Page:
Parents Protest Speeding in Front of Main Street Elementary School

"They never show up. They just say, 'If there is no blood, we can wait,'" a protester said of police.

Outraged parents gathered Tuesday outside Main Street Elementary in South Los Angeles to demand action against speeding cars and lack of crossing guards in surrounding intersections.

Parents and community members from the South LA area gathered this afternoon in front of the school, calling on the City to take action about speeding in the area. They say there are four campuses in the community that need help, with hundreds of students, parents, and elderly residents using the crosswalks each day.

Protesters are calling for anything that will help to provide more safety, from speed bumps to flashing lights to more crosswalks.

Martha Sanchez, organizer of the protest, said despite multiple requests to the Los Angeles Police Department to provide crossing guards, no one has ever showed up.

Currently, there is only one crossing guard serving in the area of the elementary school.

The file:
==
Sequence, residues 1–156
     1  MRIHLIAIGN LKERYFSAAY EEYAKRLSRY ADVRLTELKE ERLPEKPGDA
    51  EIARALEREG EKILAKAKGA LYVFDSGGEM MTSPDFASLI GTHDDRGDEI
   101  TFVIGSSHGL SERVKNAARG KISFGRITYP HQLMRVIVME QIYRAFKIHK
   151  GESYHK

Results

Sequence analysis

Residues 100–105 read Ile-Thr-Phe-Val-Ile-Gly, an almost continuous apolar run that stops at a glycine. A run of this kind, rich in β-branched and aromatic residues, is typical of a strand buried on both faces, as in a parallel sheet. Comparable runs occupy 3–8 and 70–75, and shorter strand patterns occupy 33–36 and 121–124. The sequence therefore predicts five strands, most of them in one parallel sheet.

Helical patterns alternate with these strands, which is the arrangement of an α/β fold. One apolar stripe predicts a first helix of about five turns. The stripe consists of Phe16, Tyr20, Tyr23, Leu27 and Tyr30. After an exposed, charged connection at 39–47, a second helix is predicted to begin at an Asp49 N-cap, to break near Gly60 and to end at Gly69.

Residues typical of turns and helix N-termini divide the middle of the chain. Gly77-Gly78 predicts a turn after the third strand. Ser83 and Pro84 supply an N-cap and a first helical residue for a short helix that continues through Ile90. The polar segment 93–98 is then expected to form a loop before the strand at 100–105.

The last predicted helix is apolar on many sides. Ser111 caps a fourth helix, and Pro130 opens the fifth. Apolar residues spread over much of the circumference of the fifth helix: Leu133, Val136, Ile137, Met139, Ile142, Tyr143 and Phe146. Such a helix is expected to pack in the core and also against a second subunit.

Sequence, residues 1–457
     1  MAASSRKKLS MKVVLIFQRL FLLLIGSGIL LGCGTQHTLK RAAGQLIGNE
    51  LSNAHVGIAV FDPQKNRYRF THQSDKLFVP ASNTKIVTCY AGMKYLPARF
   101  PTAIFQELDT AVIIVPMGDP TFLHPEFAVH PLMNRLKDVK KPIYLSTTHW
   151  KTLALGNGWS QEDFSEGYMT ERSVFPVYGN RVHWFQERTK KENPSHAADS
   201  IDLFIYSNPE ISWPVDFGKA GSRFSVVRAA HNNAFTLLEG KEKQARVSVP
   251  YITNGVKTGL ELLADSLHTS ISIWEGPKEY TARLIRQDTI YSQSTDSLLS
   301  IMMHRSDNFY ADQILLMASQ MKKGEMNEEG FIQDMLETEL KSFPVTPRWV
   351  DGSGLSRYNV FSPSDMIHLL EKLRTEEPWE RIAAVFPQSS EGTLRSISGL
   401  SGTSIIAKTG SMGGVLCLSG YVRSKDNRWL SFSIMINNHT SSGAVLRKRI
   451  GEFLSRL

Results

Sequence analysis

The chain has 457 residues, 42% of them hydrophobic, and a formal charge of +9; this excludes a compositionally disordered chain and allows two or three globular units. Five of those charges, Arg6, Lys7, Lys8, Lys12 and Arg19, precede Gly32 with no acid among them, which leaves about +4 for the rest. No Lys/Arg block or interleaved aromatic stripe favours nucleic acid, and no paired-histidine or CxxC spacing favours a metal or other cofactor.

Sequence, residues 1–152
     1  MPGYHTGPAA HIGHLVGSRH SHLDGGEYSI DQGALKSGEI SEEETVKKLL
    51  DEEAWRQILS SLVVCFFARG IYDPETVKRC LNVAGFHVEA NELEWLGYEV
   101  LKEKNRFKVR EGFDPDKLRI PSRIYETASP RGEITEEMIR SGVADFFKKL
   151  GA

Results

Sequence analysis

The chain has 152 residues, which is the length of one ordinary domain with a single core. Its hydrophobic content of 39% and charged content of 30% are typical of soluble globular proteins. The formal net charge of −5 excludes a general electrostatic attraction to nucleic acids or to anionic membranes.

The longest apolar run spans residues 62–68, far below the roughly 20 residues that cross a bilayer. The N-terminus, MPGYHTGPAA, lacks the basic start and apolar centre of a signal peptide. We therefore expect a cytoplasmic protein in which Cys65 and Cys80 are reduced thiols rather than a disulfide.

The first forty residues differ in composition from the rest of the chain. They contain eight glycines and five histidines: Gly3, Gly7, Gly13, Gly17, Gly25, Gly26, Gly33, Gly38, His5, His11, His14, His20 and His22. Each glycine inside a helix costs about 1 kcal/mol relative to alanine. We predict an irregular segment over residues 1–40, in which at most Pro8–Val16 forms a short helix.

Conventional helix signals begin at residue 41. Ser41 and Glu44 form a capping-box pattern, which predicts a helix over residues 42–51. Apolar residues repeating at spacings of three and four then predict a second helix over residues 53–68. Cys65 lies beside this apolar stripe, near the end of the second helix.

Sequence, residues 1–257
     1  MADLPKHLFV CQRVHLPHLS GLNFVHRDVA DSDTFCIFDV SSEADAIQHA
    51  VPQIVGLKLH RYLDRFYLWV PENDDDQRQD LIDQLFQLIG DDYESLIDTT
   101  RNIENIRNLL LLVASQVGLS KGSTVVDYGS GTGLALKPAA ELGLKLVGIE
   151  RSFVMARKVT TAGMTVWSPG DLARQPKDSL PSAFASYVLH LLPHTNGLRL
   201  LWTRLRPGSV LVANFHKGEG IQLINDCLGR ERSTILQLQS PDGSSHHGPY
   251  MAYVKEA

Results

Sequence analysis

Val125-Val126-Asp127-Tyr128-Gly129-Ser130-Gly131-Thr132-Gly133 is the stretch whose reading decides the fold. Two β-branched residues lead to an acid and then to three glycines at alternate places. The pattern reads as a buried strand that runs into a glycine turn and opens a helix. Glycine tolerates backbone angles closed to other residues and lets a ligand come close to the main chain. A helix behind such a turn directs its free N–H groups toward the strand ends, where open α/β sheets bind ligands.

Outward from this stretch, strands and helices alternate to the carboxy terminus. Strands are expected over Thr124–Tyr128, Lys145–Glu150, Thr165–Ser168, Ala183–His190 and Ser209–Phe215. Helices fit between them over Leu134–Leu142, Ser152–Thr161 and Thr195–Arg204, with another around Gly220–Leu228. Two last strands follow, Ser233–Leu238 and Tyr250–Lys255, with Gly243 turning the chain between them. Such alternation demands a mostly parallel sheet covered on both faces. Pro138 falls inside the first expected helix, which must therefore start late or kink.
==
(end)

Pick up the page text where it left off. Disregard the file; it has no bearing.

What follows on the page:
"They never show up. They just say, 'If there is no blood, we can wait,'" she said.

The LAPD did, however, show up at the protest Tuesday. Officer Cesar Guitron with LAPD Central Traffic said he has witnessed cars going "way over" 30 mph. He said the area is on his radar now and he will be back.

In addition, the city's Department of Transportation sent an engineer to hear from the community. Though the engineer said he would come back to meet with the community, the protesters said they've heard promises before.

After grandmother and community activist Luz Damian witnessed a hit-and-run not far from the elementary school campus, she decided to join the fight against speeding traffic. She said this behavior is putting the children's safety at risk, and is convinced that it is only a matter of time before someone is killed.

"We need safety measures for pedestrians, and drivers using our streets as freeways," she said. "I'm condemned to stay in home in rush hour because they [drivers] don't respect my right to cross the streets."

For now, protesters say their demands for action will only get louder until something changes.

"We're not willing to wait until a child is hurt. The city needs to take action now to protect our children," elementary school parent Maria Tapia said.

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